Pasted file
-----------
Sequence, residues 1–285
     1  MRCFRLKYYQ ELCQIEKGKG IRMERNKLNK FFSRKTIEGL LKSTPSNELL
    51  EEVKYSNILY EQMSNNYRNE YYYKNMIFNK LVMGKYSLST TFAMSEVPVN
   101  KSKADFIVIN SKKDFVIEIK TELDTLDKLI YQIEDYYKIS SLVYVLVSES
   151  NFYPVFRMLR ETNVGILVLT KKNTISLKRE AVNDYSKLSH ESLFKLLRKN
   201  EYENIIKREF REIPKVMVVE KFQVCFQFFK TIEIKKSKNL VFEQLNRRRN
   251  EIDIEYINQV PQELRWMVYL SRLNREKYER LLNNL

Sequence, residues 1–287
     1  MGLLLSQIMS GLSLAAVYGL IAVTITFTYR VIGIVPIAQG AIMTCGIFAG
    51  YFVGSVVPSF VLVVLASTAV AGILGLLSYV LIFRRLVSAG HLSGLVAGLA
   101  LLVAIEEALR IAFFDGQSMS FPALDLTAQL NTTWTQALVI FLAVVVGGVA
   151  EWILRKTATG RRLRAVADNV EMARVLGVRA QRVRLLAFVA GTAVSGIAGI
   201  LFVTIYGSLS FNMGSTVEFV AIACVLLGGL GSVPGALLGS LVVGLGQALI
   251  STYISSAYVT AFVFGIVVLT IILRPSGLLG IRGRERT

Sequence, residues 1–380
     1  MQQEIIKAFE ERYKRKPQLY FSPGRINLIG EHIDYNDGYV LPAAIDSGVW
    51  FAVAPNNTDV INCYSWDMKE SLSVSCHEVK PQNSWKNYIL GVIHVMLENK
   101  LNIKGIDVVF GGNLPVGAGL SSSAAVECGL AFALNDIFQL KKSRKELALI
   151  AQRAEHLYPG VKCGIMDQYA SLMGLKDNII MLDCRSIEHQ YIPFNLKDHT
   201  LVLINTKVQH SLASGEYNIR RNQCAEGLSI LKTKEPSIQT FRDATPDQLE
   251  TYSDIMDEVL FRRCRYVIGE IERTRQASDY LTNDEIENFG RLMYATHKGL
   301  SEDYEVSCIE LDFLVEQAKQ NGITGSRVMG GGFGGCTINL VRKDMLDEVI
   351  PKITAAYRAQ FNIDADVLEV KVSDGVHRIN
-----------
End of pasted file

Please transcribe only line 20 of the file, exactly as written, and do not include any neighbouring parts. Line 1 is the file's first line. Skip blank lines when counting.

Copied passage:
   201  LVLINTKVQH SLASGEYNIR RNQCAEGLSI LKTKEPSIQT FRDATPDQLE